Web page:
New figures released Labour reveal that only 7% of the total TV workforce (on and off-screen) are women over the age of 50.
Meanwhile, the majority of TV presenters who are over 50 are men (82%).
Miriam O'Reilly, who won an employment tribunal against the BBC on the grounds of ageism, said:
These figures raise the obvious questions of where have all the older women gone and why did they go? Was it their choice to leave their jobs or was it a decision forced upon them?
The broadcasters say they are committed to the fair representation of older women, but the figures don't bear that out.
I'd like to know the reasons why so many talented women have disappeared, while their male counterparts have grown older and still have their jobs.
Women on television are affected by a "combination of ageism and sexism" that does not apply to men, according to new figures released by Labour.
Harriet Harman, shadow secretary of state for culture, media and sport, asked the six main UK broadcasters how many older women they employ on screen and behind the camera.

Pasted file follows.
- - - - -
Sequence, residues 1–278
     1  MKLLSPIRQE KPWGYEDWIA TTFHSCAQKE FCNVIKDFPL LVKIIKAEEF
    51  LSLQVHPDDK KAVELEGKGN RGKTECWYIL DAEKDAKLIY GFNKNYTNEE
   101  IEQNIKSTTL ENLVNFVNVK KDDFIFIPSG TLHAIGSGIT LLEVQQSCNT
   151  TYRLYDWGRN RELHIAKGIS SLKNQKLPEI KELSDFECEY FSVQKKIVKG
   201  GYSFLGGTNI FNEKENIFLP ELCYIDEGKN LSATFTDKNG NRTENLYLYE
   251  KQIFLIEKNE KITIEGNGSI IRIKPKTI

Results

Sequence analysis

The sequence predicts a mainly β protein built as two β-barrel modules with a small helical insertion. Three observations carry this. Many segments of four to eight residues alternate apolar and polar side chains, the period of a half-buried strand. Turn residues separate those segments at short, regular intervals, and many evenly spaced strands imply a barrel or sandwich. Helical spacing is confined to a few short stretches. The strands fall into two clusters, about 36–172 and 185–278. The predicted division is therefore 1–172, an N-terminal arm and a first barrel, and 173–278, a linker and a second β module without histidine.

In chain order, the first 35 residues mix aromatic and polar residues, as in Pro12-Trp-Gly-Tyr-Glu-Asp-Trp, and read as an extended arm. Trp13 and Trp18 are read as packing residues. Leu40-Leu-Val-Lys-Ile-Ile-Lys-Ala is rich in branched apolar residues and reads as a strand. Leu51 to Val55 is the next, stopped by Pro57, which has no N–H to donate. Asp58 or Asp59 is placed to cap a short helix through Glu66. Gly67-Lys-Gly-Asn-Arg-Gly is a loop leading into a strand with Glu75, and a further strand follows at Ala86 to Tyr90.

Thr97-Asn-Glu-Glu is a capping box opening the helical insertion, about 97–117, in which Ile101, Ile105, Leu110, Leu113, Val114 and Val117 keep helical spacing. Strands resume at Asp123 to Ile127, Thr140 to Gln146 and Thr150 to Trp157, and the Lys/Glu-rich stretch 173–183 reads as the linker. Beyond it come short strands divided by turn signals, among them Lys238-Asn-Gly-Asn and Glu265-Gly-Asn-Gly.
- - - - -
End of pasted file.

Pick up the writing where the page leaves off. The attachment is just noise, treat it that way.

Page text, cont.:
The findings were that while the majority of over 50s in the UK are women (53.1%), the overwhelming majority of TV presenters who are over 50 are men (82%).
It was discovered that only 7% of the total TV workforce (on and off-screen) are women over the age of 50.
Ms Harman said: "The figures provided by broadcasters show clearly that once female presenters hit 50, their days on-screen are numbered.
"It is an encouraging first step that broadcasters have been open in providing these statistics. Their response shows that they all recognise that this is an important issue that needs to be addressed.
"I will be publishing these figures annually so we are able to monitor progress."
Ms Harman will also be holding a roundtable with broadcasters in the House of Commons today to challenge them to take action.
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